And they have lived happily on the back of my sewing table for well over a year. I wanted to use the cheerful little bundle rather than let it sit forever, but I could not find a pattern that suited me.

Now before I go on much further, I have to remain in Key West for a relevant little side note. Take a look at this picture from the courtyard of our little condo for the week. 

The design in the privacy fence reminded me of a quilt; and just like that I determined that these fabrics would be turned into periwinkle blocks. So earlier when I said I spent over a year looking for a pattern, to be more clear - I was looking for a suitable periwinkle pattern. Using the fabric was never far from my mind, as I considered a lot of various options and construction methods. When I saw this pattern in this book, I knew that was something I could work with. I purchased the book in March.

This spring we decided to take a road trip out to Oregon. Coronavirus had us postponing it for a few weeks, but we finally decided to go near the end of June. We would be driving for the better part of 12-14 days; I needed a project for all that car time. I would go absolutely stir crazy if I didn't have something to work on while a passenger on a trip this long. This urgency sent me to the sewing room to cut all the parts for the KW quilt. I knew I could hand stitch the blocks while we traveled - I would be making a vacation quilt while on a different vacation! (What a novelty.) The Key West quilt now encompasses our western US road trip. 

I wrote a little bit about my road trip stitching in this post, and I have continued to make the remaining blocks here at home. I had to find my scraps to cut a few more background pieces in order to come up with the 25 blocks I needed for the table topper.

From this point on, I credit Sharon for motivating me to finish. On Thursday when she was here for sewing, I stitched the 25th block and arranged them all on the design wall. With so few blocks, I decided to just go ahead and sew them together. I mean, why wait? Get'er done, right? At some point, Sharon offhandedly said something about how cute the back would be if I quilted around the periwinkle stars.  This totally appealed to me, and suddenly I was super-stoked to finish.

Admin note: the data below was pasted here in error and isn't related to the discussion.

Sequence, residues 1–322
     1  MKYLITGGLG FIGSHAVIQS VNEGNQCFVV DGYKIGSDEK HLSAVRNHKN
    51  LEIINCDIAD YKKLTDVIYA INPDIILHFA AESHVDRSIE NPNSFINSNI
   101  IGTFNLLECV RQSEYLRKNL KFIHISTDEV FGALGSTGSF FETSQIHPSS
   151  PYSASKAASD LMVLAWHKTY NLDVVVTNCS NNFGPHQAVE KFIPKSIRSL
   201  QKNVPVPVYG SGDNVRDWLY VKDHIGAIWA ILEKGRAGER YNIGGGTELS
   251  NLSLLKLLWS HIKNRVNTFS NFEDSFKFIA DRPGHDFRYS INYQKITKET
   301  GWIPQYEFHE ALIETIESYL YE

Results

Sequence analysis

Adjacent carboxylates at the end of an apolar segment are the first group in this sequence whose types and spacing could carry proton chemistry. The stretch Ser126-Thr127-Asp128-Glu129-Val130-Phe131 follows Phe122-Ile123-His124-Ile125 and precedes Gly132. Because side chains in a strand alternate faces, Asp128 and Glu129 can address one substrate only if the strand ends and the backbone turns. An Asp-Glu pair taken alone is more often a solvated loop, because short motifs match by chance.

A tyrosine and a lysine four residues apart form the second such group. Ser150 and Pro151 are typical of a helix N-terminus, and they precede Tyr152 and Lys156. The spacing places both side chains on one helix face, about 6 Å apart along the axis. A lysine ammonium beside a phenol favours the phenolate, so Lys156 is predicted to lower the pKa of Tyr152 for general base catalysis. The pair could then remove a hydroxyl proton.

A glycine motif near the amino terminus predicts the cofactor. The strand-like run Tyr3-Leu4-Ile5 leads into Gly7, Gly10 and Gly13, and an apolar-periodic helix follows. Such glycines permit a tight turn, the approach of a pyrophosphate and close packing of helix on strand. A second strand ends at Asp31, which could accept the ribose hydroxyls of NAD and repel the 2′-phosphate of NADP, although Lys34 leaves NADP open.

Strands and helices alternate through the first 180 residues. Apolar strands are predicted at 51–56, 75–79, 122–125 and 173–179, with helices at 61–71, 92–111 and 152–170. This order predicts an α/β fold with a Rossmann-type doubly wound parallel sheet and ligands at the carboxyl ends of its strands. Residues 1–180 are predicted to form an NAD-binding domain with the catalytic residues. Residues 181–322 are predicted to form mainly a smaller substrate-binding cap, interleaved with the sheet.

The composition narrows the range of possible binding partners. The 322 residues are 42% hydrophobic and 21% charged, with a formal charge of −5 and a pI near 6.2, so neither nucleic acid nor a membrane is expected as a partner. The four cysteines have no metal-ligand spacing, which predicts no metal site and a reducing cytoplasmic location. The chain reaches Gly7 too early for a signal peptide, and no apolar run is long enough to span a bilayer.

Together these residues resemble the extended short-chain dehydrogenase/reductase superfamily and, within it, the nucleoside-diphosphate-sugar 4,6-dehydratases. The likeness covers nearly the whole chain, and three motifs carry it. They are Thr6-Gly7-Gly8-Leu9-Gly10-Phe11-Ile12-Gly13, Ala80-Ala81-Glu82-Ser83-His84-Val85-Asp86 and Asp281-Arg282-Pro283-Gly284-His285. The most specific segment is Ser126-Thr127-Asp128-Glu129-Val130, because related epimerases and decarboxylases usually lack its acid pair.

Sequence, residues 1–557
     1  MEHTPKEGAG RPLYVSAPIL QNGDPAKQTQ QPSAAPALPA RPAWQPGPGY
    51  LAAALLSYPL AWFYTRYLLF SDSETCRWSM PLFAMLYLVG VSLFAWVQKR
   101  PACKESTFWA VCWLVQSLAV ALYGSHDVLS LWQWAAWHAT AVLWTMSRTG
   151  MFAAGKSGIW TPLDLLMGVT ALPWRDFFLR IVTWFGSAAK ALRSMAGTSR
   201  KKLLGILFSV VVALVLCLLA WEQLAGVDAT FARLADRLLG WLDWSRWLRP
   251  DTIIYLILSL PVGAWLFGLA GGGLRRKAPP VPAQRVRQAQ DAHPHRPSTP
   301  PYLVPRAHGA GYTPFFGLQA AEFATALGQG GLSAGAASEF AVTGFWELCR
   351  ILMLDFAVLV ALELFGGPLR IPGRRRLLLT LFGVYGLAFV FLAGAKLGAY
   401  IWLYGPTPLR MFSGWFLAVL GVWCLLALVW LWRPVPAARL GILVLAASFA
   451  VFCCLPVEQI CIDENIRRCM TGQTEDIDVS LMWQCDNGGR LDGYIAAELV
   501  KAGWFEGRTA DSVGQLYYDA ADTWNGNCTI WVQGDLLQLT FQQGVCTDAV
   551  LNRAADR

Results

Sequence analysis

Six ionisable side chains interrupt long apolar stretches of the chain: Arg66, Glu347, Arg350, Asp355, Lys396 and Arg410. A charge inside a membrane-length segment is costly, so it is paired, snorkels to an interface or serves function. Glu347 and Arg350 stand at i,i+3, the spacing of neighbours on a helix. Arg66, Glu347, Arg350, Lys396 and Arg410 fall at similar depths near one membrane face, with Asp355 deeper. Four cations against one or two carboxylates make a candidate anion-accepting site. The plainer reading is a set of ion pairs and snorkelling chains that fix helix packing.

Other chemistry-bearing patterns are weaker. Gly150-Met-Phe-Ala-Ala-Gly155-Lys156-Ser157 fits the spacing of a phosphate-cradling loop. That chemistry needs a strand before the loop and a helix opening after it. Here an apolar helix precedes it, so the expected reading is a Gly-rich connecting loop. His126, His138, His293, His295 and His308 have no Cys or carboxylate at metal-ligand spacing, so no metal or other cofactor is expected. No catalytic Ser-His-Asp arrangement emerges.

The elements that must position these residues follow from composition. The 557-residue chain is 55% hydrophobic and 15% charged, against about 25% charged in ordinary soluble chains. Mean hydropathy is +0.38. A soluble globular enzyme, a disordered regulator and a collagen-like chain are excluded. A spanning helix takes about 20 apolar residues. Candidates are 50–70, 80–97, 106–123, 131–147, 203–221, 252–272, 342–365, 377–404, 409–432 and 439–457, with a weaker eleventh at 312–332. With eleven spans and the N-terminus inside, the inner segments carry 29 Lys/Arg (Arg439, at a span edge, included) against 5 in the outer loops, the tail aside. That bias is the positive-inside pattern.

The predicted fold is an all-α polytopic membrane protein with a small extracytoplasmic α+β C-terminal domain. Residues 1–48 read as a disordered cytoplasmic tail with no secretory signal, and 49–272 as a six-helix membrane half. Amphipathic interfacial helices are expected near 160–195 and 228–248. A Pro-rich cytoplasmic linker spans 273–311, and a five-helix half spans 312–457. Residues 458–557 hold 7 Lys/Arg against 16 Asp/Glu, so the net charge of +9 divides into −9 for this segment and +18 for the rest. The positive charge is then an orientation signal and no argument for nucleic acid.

Small quilts like this are perfect for using all the batting scraps. I found some bits that I pieced together. Now what would I use for the backing? I had not thought this far ahead, but then Sharon again came to the rescue by saying "Use a Kaffe."

Good grief, YES I have gobs of his fabric, and surely something would work. And wasn't that a fun 20 minutes of digging through the tubs? Yes! Below you can see the fabric we decided on. All the colors are so representational of Key West, and while they don't exactly match the periwinkle colors, there is no issue as far as I am concerned about the choice.

I spray-basted the layers and proceeded to quilt. In no time at all, I had it finished and we were looking for binding options. I have a healthy stash of solid fabrics, and we found this royal blue which works just fine.

And that pretty much tells the whole story of my Key West quilt. Now let's see a few more pictures.

It is currently on duty on our screened porch table. Sure, she has some wavy edges and some questionable intersections, but I am not at all interested in checking out her flaws. I am reveling in a finish that has such a happy story. 

I am linking with Kathy's Quilts for her weekly feature, Slow Sunday Stitching. Hop on over to have a look around.

It's a beautiful day here in southern Ohio. Hope you all are enjoying a beautiful day where you are.

Happy Quilting, Friends!

Wednesday, August 5, 2020

Blockheads 3 Update

If you follow me on Instagram or FB, I have been regularly posting the blocks I've made in the BH3 sew-along. Facebook has a group dedicated to Blockheads, and on Instagram, using the hashtag modablockheads3 will yield all the varying blocks being made all around the globe.

I have not, shared here for awhile, though, so let's take care of that today.

My most recent block is #16, Dream. It was an easy one to make, and I am sure I took more time making fabric choices than making the block.

Just as a reminder, let me show you the fabric pack I am using, along with a few added pieces to extend the options.

Faith; Collection for a Cause by Moda

The original group along with additions.

I have now made 14 blocks; only 16 to make and I will be all caught up, as block #30 was released earlier today. I will not ever be caught up, though, because I won't be making all the blocks they offer. Some of them just don't appeal; I am being a bit selective.

So far, all my blocks are 6.5 inches. I reserve the right to add in some larger blocks along the way, if I so desire, and if it is necessary in order to make my size work out right. I will just have to play it by ear as we see the remaining blocks. How each individual quilter finishes the quilt is entirely according to one's preference. Wait and see; that's the ticket.

I am late posting a blog today as I undertook a very large project - for me anyway. I cleaned the garage. It still has a ways to go, but my car is parked in it, and that hasn't happened in many, many months.

Happy Quilting, Friends!